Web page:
6 College Football Coaches Bound To Test the NFL Waters at Some Point

Daniel BarnesCorrespondent IIINovember 8, 2011

6 College Football Coaches Bound To Test the NFL Waters at Some Point

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    Every year, at least a few successful college football coaches think of moving up to the NFL.

    Sometimes it works out, like Jim Harbaugh has so far for the 49ers, but more often than not, it doesn't go well, like Nick Saban and the Dolphins.

    Still, college coaches will continue to move up and NFL teams will continue to hire them. But who is the next Pete Carroll or Jim Harbaugh in the college coaching ranks right now?

    Here are six guys that I think will eventually make the move up to the pros, for better or worse.

Guys Who'll Never Go: Les Miles and Mike Gundy

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    I actually decided to start the list with a couple of coaches who I think will never, ever go to the pros, despite rumors to the contrary.

     

    Les Miles, LSU

    The Mad Hatter has been a winner at LSU since his first year. He's one of the winningest coaches in college football (71-17 since moving to LSU) and he looks to be on his way to a second national championship.

    However, his crazy antics, like faking a punt on 4th-and-26, wouldn't translate well into the NFL and he knows it. Furthermore, he's dominated the toughest division of the toughest conference in all of college football. Why spoil a good gig?

    Miles has seen too many guys try out the NFL and fail, and he seems very happy where he is. After all, he didn't take the head coaching job at Michigan, and that's his alma mater. He'll stick around Death Valley for the foreseeable future.

     

    Mike Gundy, Oklahoma State

    What state is Mike Gundy from? Answer: Oklahoma.

    Quick, where did Gundy play in college? Too slow, it was Oklahoma State.

    Where did he get his first job as a coach? Oklahoma State.

    Where was his only head coaching gig? You guessed it: Oklahoma State.

    I sincerely believe that Gundy is not interested in coaching anywhere but Oklahoma State. He's had a very successful couple of years and could maybe make it into the NFL if he wanted, but he's already got his dream job. No one will pry him away from Oklahoma State, not even the NFL.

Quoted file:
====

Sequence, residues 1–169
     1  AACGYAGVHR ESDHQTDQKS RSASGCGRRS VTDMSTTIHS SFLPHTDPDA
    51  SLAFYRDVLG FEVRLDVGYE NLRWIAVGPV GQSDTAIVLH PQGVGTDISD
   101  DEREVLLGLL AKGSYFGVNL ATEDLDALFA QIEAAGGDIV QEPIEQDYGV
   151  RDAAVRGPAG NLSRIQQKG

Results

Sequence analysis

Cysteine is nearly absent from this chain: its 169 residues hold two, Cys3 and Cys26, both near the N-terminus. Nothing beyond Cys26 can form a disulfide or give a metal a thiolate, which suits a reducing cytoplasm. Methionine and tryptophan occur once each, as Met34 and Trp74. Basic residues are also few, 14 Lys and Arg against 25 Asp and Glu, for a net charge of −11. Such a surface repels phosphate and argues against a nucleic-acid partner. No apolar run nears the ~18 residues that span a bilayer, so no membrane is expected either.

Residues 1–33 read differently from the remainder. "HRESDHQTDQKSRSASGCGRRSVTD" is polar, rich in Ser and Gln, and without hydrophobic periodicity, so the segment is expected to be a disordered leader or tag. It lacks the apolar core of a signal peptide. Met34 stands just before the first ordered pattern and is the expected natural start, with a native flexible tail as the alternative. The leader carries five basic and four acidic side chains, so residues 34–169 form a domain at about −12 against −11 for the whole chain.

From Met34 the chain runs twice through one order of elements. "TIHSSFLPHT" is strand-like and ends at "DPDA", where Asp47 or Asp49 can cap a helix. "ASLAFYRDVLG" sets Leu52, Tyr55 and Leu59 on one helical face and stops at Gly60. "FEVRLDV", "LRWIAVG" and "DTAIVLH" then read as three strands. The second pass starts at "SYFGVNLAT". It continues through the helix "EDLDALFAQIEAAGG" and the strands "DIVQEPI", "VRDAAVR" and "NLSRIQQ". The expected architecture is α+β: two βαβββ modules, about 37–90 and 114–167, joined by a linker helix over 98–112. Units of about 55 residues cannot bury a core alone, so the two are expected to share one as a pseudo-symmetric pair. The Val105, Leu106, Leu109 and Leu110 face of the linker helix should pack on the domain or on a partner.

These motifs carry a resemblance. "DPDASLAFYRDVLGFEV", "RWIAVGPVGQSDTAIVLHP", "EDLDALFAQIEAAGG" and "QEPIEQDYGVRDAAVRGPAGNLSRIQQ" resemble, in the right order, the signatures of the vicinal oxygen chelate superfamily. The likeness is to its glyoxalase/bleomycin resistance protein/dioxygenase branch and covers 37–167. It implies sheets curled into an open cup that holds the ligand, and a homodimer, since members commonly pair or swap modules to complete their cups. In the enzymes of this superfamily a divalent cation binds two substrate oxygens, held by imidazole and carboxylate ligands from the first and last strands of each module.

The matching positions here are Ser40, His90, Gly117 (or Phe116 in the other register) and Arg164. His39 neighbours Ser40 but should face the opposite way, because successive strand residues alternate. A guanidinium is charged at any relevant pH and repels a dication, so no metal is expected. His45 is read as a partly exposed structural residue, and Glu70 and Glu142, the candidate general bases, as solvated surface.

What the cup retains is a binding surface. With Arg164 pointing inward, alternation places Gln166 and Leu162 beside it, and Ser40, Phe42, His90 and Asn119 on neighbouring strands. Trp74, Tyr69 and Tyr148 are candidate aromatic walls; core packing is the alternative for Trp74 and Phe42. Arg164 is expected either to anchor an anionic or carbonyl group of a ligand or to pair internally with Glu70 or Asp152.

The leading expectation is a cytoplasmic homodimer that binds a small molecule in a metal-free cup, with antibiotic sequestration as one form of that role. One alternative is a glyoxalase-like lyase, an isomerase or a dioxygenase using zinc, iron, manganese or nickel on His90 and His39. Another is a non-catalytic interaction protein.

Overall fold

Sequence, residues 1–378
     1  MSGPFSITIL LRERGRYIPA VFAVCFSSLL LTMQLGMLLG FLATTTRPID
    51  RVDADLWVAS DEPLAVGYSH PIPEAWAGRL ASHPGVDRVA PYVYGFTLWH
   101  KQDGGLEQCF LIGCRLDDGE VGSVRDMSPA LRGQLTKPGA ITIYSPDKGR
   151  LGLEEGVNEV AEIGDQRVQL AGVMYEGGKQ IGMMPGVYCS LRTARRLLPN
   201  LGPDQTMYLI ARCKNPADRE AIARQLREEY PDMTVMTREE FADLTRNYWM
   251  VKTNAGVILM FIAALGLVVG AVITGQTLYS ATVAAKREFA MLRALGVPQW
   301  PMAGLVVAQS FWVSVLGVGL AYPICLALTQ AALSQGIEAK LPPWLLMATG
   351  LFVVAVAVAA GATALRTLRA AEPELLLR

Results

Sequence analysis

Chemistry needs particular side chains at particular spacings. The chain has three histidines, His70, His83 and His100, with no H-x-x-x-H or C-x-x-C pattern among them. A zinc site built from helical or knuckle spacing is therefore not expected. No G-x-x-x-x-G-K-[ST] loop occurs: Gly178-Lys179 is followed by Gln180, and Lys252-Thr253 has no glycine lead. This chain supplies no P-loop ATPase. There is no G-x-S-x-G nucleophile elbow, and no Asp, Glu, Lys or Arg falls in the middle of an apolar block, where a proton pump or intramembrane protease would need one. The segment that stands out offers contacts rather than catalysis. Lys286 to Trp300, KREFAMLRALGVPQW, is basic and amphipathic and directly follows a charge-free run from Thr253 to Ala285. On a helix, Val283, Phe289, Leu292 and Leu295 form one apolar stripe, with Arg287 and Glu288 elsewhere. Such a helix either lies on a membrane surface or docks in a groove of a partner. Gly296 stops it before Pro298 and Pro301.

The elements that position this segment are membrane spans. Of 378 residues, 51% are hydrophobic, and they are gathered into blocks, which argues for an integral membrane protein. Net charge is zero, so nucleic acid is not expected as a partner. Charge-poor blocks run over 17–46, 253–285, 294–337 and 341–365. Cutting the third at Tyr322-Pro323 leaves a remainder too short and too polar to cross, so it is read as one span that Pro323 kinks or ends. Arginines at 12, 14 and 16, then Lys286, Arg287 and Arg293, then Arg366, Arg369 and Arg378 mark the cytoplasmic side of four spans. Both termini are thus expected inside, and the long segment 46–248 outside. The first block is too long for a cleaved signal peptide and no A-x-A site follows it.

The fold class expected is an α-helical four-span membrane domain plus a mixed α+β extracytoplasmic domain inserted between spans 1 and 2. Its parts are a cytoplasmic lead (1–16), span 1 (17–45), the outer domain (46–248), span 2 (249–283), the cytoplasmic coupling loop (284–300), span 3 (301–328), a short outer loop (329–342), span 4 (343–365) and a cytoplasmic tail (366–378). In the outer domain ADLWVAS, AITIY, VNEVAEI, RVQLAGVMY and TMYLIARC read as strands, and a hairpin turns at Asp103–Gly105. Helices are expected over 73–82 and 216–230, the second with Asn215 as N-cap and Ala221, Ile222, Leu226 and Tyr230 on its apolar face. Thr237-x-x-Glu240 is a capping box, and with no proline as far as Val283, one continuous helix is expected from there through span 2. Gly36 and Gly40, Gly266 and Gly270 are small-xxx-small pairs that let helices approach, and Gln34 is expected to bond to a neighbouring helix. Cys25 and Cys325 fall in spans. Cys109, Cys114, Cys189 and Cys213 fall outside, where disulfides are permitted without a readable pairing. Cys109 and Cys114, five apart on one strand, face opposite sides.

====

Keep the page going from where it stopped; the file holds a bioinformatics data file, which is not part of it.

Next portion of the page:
6. Urban Meyer, Formerly Florida

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    Every year that a top college job becomes available, the rumors that Urban Meyer will take the job begin to swirl.

    First it was Notre Dame. After all, he is Catholic, right? Then he didn't take the job.

    Then it was Ohio State. After all, he is from Ohio, right? He won't take the job.

    Here's the truth that a lot of people don't realize. Any competitive SEC school is a pinnacle program. And what I mean by that is that historic powerhouses like Notre Dame and Ohio State and Michigan are not "a step up" from a school like Florida.

    Urban Meyer is done with college football. He was happy at Florida, he was successful, and he was getting tons of talented recruits.

    However, since Jacksonville, Miami, Indianapolis and San Diego might all be looking for replacements next year, the pros are a possibility. The pros are the only real step up he could take from Florida, so if he wants back in football, it'll be at the pro level.

    Still, he's at the bottom of the list because I think his health concerns are serious enough to keep him at ESPN for the rest of his career.

5. Bret Bielema, Wisconsin

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    Bielema is building a dynasty in the Big Ten, and with Jim Tressel out at Ohio State, the way is clear for Wisconsin to become the new top dog in the conference.

    The Badgers have been ranked five out of the six years that Bielema has been the coach (assuming they stay ranked this season), and last year they represented the Big Ten in the Rose Bowl.

    Bielema is also a young guy. He's only 41 years old and is already one of the more successful coaches in college football. He's also a defensive-minded guy coaching a school that consistently produces top offensive talent, which makes him look like he knows the whole game pretty well.